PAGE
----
Kitchener-Waterloo

Family targeted by death threats, violence after St. Patrick's keg party bust

A Waterloo family say it's been the victim of escalting taunts, death threats and vandalism in the week since a keg party was busted next door.

A Waterloo family says it's been the victim of escalating taunts, a death threat, and a concrete cinder block thrown through their front window in the week since a keg party was busted next door.

Scott Leatherdale says he's had problems with some of the students living on Albert Street for years, and has been regularly reporting minor annoyances to authorities. 

But things have gotten much worse in the past week, and he believes it's in retaliation for police breaking up a keg party next door on St. Patrick's Day.

"It seems like since that time, out of the blue, things escalated where I'm taking out the garbage and a car I recognize from the neighbourhood drives by, and a person hangs out the window and yells a death threat at me," Leatherdale told CBC News in an interview Wednesday. 

"Then all of a sudden last night a cinder block is thrown through the front window of our house."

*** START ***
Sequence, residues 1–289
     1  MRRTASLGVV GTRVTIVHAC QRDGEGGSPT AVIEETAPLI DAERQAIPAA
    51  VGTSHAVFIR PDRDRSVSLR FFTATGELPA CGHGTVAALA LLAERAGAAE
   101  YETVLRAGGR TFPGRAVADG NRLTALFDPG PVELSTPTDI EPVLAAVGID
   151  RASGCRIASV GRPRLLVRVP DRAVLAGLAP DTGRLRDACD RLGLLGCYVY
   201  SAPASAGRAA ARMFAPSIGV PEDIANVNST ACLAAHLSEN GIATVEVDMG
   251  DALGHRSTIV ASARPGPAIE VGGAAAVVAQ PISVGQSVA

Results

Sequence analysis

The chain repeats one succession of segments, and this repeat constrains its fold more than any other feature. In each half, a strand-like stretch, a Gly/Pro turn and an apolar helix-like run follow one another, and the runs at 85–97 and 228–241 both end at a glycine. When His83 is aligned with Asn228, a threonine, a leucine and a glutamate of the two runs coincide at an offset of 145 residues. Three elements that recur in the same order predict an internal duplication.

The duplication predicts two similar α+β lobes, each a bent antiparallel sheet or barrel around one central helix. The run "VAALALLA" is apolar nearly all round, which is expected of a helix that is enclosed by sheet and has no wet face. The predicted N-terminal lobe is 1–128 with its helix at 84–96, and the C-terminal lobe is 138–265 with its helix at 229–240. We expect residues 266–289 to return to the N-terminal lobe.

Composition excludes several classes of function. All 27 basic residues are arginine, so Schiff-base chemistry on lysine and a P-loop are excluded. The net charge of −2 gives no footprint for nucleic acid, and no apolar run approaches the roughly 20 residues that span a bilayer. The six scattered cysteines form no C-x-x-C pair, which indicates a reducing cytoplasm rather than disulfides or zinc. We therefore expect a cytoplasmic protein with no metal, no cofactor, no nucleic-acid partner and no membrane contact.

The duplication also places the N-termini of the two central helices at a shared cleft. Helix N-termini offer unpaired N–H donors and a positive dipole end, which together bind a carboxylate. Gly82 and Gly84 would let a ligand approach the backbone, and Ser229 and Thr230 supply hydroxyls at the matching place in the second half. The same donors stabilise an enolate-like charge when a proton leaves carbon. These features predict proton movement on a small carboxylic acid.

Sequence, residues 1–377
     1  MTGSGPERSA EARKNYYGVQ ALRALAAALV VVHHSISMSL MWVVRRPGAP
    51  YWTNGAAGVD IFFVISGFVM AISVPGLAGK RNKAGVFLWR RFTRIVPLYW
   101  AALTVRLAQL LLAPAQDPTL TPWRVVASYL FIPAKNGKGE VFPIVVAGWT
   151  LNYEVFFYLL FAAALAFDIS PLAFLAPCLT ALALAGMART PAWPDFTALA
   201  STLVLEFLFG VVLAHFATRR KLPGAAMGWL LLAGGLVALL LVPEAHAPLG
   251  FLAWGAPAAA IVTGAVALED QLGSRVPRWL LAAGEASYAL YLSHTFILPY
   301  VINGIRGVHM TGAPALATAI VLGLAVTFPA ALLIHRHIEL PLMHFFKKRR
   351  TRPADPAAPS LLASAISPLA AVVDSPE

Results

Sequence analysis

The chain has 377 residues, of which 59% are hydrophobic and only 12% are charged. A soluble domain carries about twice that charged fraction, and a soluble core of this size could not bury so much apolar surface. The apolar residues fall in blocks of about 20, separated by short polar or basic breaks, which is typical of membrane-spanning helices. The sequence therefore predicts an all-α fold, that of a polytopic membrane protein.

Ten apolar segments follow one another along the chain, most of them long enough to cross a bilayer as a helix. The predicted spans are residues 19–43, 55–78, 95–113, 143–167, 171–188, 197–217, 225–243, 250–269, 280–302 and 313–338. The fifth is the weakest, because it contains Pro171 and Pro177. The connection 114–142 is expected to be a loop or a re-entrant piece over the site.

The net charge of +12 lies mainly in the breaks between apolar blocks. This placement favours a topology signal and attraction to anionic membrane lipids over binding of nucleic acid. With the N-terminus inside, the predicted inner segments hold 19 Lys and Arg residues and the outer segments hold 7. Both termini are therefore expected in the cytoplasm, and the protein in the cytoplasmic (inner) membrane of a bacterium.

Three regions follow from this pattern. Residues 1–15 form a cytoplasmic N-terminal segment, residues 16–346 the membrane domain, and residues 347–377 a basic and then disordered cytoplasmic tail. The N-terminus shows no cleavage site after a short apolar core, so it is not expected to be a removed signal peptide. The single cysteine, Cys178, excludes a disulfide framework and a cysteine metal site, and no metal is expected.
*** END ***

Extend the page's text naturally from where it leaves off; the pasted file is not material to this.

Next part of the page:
Leatherdale said he was fast asleep when at 2 a.m. Wednesday morning he heard glass shatter downstairs. 

"I just sprinted downstairs and I saw the cinder block, the window smashed," Leatherdale said.

He said the block had bounced off his infant son's swing chair and landed on a pile of glass on the floor. 

"You can see a huge dent in the wood floor where the block landed."

A photo taken early Wednesday morning shows a cinder block which was thrown inside Scott Leatherdale's Albert Street home. He says it bounced off his son's swinging chair (pictured) before landing on the floor. (Contributed by Scott Leatherdale)

Evidence mounting against students

Leatherdale wouldn't say if he's the one who tipped off police on St. Patrick's Day, saying with 200 people on the front lawn, his neighbours weren't being very discreet.  

He also admitted while there's no hard proof the students are responsible for this week's threats and vandalism, the evidence is mounting. 

"I'm not going to speculate if it was them, yes or no, but to me, I would not say it's a coincidence that a large party gets busted and then all of a sudden we're dealing with substantial threats to our well-being," Leatherdale said.

Leatherdale said he's disappointed staff at Wilfrid Laurier University haven't reprimanded the students. 

More than a prank

Members of the MacGregor Albert Community Association, including Leatherdale, met with police and bylaw officers Tuesday night. 

But Doug Woodley, a fellow neighbour and an association member, thinks police haven't done enough. 

"We're concerned that the police don't regard this with the seriousness that we do. That they think this is 'boys will be boys' or pranks or something like that," Woodley said. 

"In fact, it's criminal behaviour," he said.

Woodley wants the students identified, charged and prosecuted.